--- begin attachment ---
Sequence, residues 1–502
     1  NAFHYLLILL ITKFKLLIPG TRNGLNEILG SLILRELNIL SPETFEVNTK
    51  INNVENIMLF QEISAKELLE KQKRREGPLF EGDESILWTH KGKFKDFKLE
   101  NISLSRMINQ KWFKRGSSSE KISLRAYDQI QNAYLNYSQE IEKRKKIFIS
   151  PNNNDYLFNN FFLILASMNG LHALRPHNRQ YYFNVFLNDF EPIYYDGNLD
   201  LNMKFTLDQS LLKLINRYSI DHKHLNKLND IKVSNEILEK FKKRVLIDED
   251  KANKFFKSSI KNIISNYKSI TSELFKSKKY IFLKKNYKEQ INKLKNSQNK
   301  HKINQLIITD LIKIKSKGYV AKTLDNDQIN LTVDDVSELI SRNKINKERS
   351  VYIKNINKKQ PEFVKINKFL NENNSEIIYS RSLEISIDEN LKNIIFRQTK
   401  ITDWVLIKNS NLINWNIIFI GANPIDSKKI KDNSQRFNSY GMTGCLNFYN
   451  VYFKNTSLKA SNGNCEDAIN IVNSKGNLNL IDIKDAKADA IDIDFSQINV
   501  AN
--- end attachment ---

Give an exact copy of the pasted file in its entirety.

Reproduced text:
Sequence, residues 1–502
     1  NAFHYLLILL ITKFKLLIPG TRNGLNEILG SLILRELNIL SPETFEVNTK
    51  INNVENIMLF QEISAKELLE KQKRREGPLF EGDESILWTH KGKFKDFKLE
   101  NISLSRMINQ KWFKRGSSSE KISLRAYDQI QNAYLNYSQE IEKRKKIFIS
   151  PNNNDYLFNN FFLILASMNG LHALRPHNRQ YYFNVFLNDF EPIYYDGNLD
   201  LNMKFTLDQS LLKLINRYSI DHKHLNKLND IKVSNEILEK FKKRVLIDED
   251  KANKFFKSSI KNIISNYKSI TSELFKSKKY IFLKKNYKEQ INKLKNSQNK
   301  HKINQLIITD LIKIKSKGYV AKTLDNDQIN LTVDDVSELI SRNKINKERS
   351  VYIKNINKKQ PEFVKINKFL NENNSEIIYS RSLEISIDEN LKNIIFRQTK
   401  ITDWVLIKNS NLINWNIIFI GANPIDSKKI KDNSQRFNSY GMTGCLNFYN
   451  VYFKNTSLKA SNGNCEDAIN IVNSKGNLNL IDIKDAKADA IDIDFSQINV
   501  AN